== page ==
Cervical cancer originates in the cells of the cervix, which is the lower part of the uterus that connects to the upper vagina.
The majority of cervical cancer is caused by the human papilloma virus (HPV), which is transmitted sexually. Most HPV infections will go away on their own, but if it persists, it can cause changes in the cells of the cervix that may progress into cervical cancer.
Early stage cervical cancer usually doesn’t have symptoms, so prevention and early detection are key. The HPV vaccine can help protect patients against common strains of HPV that are associated with cervical cancer. Also, routine PAP tests help doctors monitor changes in cervical cells that might lead to cancer and HPV tests look for strains of the virus that can cause these cell changes.
As the disease advances, symptoms of cervical cancer may include vaginal bleeding after intercourse (between menstrual cycles or after menopause), watery/bloody/malodorous vaginal discharge, pelvic pain or pain during intercourse.
Treatment of cervical cancer depends on the size of the tumor and how far it has spread. A woman’s desire to have children in the future also plays an important role in treatment decisions.
Early stage cervical cancer hasn’t yet spread beyond the cervix to other parts of the body. The earliest stage of disease can be treated with surgery alone. Examples of early stage cervical cancer surgeries include: cone biopsy, trachelectomy (a fertility-sparing surgery) or hysterectomy.
Cervical cancer research has revealed that minimally invasive surgical techniques are associated with worse outcomes than standard open surgical approaches, so gynecologic oncologists are moving away from minimally invasive surgeries.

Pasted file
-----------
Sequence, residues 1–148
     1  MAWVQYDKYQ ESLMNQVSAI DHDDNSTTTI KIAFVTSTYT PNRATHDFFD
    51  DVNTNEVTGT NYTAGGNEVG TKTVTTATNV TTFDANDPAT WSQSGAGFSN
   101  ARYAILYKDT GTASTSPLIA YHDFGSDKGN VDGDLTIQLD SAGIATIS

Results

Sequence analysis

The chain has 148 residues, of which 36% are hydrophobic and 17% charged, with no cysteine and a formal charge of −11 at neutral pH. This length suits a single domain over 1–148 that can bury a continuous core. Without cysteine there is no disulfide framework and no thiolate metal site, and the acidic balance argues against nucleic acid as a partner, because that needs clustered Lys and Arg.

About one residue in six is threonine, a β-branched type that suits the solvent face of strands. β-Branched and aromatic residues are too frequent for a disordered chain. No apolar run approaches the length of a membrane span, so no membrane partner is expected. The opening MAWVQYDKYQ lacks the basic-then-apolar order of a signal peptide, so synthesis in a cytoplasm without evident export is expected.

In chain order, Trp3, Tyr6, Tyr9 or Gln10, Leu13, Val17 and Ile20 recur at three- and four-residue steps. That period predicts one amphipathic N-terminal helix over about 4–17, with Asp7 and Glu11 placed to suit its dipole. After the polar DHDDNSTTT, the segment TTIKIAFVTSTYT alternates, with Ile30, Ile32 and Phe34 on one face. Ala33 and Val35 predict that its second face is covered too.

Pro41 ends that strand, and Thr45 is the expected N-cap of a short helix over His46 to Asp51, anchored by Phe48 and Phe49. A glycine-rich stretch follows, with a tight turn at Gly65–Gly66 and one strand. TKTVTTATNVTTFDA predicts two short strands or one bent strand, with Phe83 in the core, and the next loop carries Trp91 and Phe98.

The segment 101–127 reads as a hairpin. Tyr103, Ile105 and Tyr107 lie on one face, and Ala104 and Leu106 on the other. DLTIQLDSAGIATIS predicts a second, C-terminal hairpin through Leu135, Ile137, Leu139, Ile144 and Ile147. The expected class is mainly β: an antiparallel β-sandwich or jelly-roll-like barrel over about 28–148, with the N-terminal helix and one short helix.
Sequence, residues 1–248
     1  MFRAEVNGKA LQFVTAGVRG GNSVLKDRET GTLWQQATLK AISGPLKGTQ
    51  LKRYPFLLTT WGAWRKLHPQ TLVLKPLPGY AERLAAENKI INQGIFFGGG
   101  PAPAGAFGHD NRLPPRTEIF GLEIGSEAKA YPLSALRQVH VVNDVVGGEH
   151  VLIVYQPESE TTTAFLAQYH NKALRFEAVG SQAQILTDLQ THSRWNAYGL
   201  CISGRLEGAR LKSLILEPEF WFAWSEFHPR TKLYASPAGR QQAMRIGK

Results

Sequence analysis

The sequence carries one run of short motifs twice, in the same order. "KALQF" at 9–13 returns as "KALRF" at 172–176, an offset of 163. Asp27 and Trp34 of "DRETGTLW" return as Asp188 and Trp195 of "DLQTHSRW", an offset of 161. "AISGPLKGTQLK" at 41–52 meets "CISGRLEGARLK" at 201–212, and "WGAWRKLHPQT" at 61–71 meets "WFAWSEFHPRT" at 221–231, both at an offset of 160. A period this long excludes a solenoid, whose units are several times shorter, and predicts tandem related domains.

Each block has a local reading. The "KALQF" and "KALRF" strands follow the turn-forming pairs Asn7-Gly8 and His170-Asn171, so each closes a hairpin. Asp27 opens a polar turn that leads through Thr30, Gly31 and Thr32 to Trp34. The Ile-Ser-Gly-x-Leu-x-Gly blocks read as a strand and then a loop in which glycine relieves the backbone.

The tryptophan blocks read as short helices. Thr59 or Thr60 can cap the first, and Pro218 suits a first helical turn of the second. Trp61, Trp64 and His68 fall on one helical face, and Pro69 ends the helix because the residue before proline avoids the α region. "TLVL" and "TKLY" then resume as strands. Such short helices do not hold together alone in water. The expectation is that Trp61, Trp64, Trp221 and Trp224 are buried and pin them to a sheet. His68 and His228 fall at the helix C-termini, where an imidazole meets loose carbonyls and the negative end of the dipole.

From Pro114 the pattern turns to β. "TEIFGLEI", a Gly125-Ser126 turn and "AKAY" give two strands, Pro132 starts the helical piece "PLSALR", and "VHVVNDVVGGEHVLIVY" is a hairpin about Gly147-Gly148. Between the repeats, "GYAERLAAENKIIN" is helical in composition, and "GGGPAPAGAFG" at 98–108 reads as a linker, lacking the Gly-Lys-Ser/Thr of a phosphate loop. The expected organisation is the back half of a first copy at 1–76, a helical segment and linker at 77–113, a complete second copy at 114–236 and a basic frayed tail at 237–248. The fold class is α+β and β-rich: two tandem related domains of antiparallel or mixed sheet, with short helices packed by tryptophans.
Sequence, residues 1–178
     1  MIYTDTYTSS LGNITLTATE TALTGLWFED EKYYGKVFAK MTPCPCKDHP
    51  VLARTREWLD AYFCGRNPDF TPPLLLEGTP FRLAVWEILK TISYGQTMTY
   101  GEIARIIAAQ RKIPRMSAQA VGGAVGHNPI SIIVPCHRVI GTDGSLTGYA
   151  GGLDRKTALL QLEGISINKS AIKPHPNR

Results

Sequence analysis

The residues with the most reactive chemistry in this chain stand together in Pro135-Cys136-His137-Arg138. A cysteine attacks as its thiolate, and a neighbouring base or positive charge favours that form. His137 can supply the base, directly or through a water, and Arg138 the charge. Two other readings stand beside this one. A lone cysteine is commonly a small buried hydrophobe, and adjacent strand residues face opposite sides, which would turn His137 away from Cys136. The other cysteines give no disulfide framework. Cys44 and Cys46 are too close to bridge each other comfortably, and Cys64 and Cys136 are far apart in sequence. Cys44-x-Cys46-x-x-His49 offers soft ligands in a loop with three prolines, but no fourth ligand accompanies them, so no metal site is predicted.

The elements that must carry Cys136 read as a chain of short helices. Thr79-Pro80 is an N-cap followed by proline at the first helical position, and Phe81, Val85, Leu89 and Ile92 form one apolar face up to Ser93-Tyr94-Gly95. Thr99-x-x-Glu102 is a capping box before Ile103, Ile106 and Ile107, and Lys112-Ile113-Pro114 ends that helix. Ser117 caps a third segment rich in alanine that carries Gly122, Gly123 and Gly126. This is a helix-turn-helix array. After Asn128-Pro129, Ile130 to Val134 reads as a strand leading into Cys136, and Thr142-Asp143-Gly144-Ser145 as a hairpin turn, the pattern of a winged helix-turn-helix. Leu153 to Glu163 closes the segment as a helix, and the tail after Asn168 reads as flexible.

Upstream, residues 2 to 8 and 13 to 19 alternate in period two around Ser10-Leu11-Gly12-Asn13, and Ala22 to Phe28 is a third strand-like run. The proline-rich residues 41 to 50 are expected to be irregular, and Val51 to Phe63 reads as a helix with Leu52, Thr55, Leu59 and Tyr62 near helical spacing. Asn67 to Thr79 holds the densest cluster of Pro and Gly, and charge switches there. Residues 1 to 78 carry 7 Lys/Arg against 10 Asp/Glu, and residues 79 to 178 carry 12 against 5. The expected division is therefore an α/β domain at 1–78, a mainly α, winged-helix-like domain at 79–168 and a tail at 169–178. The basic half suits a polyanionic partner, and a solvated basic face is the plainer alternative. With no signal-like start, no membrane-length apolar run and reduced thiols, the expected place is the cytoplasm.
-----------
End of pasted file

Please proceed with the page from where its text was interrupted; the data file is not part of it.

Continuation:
Doctors can help reduce the risk of complications like lymphedema by performing a sentinel lymph node biopsy during surgery, which involves removing just a few lymph nodes that have the highest probability of being cancerous.
When the cancer has spread beyond the cervix, surgery may not be an option. More advanced cervical cancer is best treated with a combination of chemotherapy and radiation therapy.
Radiation therapy is commonly delivered using a specialized form of internal radiation therapy called brachytherapy, which allows doctors to deliver high radiation doses from implants placed close to, or inside, the cervical tumor. This may also be combined with external radiation treatments.
Radiotherapy techniques are advancing and allowing us to decrease both short-term and long-term side effects. This is done with the use of MRI-guided treatment planning for brachytherapy and daily cone-beam imaging for external radiotherapy.
Additional chemotherapy after concurrent chemo-radiation therapy has been shown to improve survival outcomes for women with advanced cervical cancer.
There are ongoing investigations into the usefulness of immunotherapy in cervical cancer. Also, new types of treatment for cervical cancer are currently being tested in clinical trials.
Every cancer diagnosis is unique. It’s important to consult your healthcare team to determine what treatment options are right for you.
Learn more about comprehensive cancer care at Edward-Elmhurst Health.
What’s new in cervical cancer prevention?
Fact or fiction: 10 misconceptions about the HPV vaccine
My Pap test came back abnormal. Should I be worried?
If you have reached this screen, your current device or browser is unable to access the full Edward-Elmhurst Health Web site.
To see the full site, please upgrade your browser to the most recent version of Safari, Chrome, Firefox or Internet Explorer. If you cannot upgrade your browser, you can remain on this site.